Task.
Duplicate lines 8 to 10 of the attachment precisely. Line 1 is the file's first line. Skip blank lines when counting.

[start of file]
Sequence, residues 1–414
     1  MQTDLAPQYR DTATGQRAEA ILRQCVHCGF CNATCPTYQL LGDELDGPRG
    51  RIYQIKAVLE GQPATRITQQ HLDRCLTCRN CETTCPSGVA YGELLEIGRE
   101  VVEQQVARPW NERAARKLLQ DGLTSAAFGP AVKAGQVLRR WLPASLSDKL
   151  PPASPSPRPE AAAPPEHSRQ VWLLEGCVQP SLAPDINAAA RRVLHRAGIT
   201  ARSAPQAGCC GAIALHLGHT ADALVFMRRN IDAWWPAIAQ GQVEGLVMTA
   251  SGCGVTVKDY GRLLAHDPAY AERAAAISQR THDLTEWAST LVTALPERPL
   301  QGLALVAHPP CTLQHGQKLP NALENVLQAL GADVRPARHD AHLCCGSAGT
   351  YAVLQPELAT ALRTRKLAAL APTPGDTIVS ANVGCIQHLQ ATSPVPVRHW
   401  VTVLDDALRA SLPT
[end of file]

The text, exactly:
   301  QGLALVAHPP CTLQHGQKLP NALENVLQAL GADVRPARHD AHLCCGSAGT
   351  YAVLQPELAT ALRTRKLAAL APTPGDTIVS ANVGCIQHLQ ATSPVPVRHW
   401  VTVLDDALRA SLPT